In an effort to see that horses and other barn animals in the Athens area never again are warehoused in makeshift stables with dangerous electrical conditions, the Los Angeles County Board of Supervisors established strict guidelines for commercial horse stables in the West Rancho Dominguez.
On June 18, 2012, a fire broke out in a horse stable in the unincorporated community of West Ranch Dominguez, killing three horses and a goat. This facility previously had been cited for numerous fires, building and safety violations, animal cruelty cases, and was the focus of criminal investigations. More than 60 horses were kept in small quarters, many of them near starvation.
The board recently adopted a plan that outlines requirements for future stables built in the community. The new standards set minimum sizes for feed and water storage, manure management, exercise and recreation areas such as riding rings and riding arenas and require stalls to be large enough to safely accommodate horses. In addition, stalls now will have to be constructed with fire resistant materials.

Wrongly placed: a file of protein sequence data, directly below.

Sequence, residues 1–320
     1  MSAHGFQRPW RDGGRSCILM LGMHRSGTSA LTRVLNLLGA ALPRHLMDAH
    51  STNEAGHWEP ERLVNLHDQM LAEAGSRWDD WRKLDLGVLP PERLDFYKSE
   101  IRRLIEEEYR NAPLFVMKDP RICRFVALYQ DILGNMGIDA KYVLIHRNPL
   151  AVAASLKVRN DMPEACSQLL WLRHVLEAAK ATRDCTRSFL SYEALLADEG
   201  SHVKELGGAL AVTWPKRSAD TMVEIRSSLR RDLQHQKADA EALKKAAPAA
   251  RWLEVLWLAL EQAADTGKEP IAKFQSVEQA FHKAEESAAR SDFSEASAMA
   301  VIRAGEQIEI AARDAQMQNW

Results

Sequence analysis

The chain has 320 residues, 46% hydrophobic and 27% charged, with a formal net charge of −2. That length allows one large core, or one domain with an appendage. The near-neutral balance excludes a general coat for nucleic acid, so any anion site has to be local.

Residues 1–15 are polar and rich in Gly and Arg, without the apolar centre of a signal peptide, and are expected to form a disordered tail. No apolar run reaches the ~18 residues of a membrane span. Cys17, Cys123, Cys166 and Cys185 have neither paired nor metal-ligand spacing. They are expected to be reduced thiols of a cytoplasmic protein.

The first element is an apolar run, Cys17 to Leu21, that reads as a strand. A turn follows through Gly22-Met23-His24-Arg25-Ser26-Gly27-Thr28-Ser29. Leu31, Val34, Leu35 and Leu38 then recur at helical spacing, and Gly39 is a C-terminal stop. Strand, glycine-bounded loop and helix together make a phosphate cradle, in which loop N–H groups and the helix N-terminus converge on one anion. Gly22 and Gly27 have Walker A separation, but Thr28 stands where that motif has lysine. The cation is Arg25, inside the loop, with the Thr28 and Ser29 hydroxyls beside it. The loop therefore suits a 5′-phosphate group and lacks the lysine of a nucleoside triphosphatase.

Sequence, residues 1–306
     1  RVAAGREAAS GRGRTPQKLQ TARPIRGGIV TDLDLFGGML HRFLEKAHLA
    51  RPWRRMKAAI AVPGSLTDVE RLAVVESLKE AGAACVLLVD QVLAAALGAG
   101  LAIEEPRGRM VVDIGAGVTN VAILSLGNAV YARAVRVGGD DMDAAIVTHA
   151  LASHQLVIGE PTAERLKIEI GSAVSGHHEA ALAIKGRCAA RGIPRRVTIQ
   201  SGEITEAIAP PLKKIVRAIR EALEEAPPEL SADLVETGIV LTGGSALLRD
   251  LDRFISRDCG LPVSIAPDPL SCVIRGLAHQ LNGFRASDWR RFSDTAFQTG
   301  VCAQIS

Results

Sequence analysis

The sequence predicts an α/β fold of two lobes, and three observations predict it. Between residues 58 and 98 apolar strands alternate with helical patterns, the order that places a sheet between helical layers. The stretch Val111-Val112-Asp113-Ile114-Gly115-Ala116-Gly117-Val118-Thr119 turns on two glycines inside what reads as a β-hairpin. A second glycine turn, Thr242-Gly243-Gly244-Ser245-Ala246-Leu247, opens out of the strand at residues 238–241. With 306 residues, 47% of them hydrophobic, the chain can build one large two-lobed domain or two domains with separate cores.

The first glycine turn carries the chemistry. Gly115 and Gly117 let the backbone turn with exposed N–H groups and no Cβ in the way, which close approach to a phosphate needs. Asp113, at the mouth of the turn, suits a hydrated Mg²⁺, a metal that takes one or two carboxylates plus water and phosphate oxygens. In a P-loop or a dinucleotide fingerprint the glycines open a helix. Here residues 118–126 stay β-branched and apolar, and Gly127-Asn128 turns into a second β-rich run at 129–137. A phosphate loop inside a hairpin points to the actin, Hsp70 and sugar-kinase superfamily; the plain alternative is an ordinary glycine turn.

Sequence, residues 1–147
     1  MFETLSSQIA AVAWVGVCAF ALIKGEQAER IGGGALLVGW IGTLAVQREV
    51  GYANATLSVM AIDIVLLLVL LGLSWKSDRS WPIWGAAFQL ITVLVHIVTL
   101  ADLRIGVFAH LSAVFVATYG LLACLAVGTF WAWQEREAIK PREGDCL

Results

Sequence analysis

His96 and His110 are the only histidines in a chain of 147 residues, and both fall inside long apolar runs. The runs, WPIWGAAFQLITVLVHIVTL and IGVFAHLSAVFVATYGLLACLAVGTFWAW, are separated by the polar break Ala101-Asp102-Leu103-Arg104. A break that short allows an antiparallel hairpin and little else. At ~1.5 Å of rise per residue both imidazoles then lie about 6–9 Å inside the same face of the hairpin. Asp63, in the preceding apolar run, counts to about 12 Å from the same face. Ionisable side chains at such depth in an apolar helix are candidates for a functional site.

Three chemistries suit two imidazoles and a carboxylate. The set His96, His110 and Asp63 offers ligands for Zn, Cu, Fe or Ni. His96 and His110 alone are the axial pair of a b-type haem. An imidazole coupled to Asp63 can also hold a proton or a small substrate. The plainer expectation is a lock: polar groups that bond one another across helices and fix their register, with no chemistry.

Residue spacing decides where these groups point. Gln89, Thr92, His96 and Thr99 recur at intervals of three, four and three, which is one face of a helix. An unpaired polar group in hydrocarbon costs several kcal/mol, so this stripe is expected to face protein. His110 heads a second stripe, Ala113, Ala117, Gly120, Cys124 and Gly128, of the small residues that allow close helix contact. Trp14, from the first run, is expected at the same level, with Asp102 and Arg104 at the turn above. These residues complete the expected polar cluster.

“Those dangerous conditions that resulted in the deaths of animals and unsafe conditions for their owners will not be tolerated,” said Los Angeles County Supervisor Mark Ridley-Thomas, who initiated the move to establish guidelines. “The county is committed to developing new standards that will keep the animals safe and yet, preserve the tradition of horseback riding in this community.”
However, in order to find a way to accommodate the long-standing tradition of urban horseback riding, the supervisor also has funded a study to look at opportunities to build suitable horse stables within the area. A review of potential sites with enough open space to accommodate horse stables is currently underway.